The Forum of Regulators (FoR), a group of state electricity regulatory authorities, will prepare norms on various performance parameters and power tariffs which would be adopted by the state electricity regulatory commissions (SERCs).
High assured Return on Equity (RoE) to power producers that were introduced decades ago to incentivize investments in the highly capital incentive power sector is now proving to be Achilles Heel for the power regulators SERCs as consumer’s demands for power and transparency in its tariffs become loud. As the costs of capital, interest rates in the economy, have come down drastically, less than halved, over the last two decades, such demands are only logical and perhaps long overdue.
Power Discoms in 12 states is cumulatively paying a hefty Rs 17,500 crore a year as fixed costs for the power they don’t use. Under contractual obligations, discoms have to pay a fixed costs to power producers to recover capital expenditure.
High RoE that was offered as an incentive to boost power generation, transmission, and distribution in the country two decades ago has now become an Achilles heel for the regulators, consumers across the country as it is one of the major fixed cost factors driving retail power tariff higher.
During the Five Year Plan era, since the cost of capital to set up the infrastructure was very high, and companies needed margins as risk premium on investments for building power generation capacity, Central Electricity Regulatory Commission (CERC), provided a return on equity as high as 18%. But since then the situation has changed dramatically and the change has been for good. The entrepreneurs unlike those times are now ready to take chances. So now as the cost of capital, the prime lending rate, and the 10-year G-Sec rates have fallen substantially, there is a unanimous view to fix the RoE lower.
Analysis of Factors Impacting Tariffs
In this regard, the regulators from Uttar Pradesh, Rajasthan, Tamil Nadu, West Bengal, Assam, Haryana, and Madhya Pradesh formed a forum that studied 12 discoms across India with RoE of 15.5% to 14%. Its findings indicate that “the RoE for generation and transmission must be linked to the 10-year G-Sec rate (an average for previous 5 years), along with capping of the risk premium as decided by an appropriate commission.
According to Forum’s report titled, ‘Analysis of Factors Impacting Retail Tariffs and Measures to Address Them,’ “if RoE is reduced from 15.5% to 12% it would result in a noticeable reduction in retail tariff. The findings also suggest that it is important to link the RoE for discoms on their performance, based on indicators such as supply availability, network availability, AT&C (aggregate technical and commercial) loss reduction since their performance substantially impacts the retail tariff to the consumers. However, for the RoEs to reduce at the national level the decision will have to be made at the CERC level which can then be followed by State Electricity Regulatory Commissions. Surprisingly since the multi-year tariff regulations were already passed the reduction in RoE is not expected till the next round of tariff determination happens after 2024.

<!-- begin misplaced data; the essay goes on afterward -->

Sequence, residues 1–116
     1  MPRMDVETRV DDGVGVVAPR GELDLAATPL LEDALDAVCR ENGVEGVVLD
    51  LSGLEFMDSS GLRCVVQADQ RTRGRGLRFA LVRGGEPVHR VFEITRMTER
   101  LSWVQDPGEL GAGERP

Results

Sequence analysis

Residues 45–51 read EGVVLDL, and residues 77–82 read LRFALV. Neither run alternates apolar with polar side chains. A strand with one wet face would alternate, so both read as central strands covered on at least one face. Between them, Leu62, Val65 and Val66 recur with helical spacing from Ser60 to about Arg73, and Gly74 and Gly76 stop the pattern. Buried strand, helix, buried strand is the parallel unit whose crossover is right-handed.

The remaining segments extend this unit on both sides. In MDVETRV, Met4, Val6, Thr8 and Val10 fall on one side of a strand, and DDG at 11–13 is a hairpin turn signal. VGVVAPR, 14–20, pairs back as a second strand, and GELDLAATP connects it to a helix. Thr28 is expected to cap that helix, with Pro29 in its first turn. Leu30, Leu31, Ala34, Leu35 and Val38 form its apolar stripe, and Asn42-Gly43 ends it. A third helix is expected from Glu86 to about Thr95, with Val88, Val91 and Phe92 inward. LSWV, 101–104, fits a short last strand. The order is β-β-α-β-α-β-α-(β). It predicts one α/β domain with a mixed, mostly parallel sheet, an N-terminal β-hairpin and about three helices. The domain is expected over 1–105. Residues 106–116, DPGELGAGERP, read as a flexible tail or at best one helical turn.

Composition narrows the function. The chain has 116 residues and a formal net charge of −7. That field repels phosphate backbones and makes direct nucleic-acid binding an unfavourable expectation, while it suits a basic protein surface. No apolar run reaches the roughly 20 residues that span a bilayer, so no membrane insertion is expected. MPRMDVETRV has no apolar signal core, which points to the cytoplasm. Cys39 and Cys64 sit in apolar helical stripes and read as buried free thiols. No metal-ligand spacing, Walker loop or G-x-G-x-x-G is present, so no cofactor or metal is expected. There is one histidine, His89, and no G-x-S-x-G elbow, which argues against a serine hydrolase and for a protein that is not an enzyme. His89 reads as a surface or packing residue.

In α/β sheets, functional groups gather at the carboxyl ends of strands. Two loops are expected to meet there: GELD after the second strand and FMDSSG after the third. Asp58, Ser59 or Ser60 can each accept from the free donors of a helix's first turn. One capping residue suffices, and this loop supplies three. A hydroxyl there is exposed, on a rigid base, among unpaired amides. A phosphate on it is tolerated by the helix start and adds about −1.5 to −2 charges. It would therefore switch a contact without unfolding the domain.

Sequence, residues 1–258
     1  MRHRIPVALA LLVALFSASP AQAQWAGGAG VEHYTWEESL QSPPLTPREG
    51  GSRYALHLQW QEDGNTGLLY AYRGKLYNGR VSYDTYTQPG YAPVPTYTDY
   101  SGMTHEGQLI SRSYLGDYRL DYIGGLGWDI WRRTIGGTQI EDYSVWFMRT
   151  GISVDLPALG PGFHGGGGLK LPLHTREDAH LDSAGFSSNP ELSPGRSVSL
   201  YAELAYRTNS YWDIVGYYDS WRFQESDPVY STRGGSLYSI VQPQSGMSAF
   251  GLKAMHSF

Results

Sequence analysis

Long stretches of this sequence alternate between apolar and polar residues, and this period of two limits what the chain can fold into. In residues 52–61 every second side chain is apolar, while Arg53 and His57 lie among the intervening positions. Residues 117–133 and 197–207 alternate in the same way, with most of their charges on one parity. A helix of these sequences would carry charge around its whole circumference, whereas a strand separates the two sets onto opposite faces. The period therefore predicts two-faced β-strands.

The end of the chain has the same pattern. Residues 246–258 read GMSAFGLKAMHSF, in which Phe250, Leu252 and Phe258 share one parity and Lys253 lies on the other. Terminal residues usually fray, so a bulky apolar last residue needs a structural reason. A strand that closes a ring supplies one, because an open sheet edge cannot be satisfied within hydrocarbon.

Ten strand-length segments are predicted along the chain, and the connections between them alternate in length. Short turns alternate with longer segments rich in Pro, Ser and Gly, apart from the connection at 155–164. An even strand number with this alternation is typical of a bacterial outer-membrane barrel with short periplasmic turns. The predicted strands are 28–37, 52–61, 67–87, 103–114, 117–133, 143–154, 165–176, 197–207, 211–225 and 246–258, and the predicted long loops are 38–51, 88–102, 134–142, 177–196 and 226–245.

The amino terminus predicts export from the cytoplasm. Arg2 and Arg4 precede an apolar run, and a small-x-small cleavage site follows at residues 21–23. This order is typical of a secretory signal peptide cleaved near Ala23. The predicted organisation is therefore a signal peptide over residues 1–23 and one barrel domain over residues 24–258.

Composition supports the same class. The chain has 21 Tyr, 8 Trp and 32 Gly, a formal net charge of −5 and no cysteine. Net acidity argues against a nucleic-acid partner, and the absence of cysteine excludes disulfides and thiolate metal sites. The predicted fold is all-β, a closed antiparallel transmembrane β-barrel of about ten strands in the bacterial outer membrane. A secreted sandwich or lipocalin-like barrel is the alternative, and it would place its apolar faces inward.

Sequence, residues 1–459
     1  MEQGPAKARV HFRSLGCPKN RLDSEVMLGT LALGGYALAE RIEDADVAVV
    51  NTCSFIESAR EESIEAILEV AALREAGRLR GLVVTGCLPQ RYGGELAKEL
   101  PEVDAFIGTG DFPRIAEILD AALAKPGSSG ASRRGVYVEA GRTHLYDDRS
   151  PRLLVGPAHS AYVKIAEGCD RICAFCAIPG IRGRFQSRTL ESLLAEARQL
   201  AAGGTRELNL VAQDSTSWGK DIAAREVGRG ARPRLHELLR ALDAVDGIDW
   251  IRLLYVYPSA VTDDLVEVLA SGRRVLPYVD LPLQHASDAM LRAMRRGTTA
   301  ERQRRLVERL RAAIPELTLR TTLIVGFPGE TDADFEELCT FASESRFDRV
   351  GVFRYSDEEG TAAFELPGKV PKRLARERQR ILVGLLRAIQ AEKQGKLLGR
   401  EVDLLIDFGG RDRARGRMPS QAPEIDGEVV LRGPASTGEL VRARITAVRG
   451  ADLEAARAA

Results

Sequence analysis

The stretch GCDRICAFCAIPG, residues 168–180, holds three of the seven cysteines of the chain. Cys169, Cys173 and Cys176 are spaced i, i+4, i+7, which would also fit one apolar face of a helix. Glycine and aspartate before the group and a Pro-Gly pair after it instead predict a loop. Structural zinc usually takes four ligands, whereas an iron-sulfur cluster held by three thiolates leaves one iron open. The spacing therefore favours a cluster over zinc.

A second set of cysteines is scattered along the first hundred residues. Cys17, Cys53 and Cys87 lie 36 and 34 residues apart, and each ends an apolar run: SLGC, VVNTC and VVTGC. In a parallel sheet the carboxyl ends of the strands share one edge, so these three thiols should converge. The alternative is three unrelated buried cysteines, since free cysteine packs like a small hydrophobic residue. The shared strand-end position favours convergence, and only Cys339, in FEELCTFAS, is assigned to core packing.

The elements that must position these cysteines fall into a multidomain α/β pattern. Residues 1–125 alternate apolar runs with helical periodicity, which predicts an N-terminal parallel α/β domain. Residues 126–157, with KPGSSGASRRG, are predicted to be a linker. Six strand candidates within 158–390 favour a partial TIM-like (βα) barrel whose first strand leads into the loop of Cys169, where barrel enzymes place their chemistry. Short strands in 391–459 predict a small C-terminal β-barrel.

The Need of the Hour
The Forum has suggested some reasonable measures. In its report, it has stated that the clean energy cess has increased over time, from Rs 50 per tonne in June 2010 to Rs 400 per tonne of coal since March 2016. The total impact of coal cess on the power sector is around Rs 25000 crore per year during the last 3 years. Again a reduction in clean energy cess of Rs 100 per metric tonne (MT) would translate into a saving of 3% of the Average Cost of Supply (ACoS).
The other fixed cost component that had been impacting the retail tariff is the depreciation cost. It is believed that change in norms for estimation of depreciation, may lead to a significant reduction in electricity tariffs as the report states: “If the depreciation rate is reduced to 4.67% (considering loan repayment period of 15 years to repay 70% of the capital cost) it would reduce the average cost of supply (ACoS) by around Rs 3,500-4,000 crore or 8 paise per unit.” Till now CERC has used a Straight Line Method (SLM) of depreciation in all the previous four tariff periods.
Earlier the CERC had adopted the provision of Advance Against Depreciation (AAD) in order to ensure enough cash flows to meet loan repayment obligations, however, in 2009 it dispensed with AAD provision. So if the ROE and depreciation cost, as components of fixed cost, are reduced there can be a huge reduction in the retail tariffs for consumers.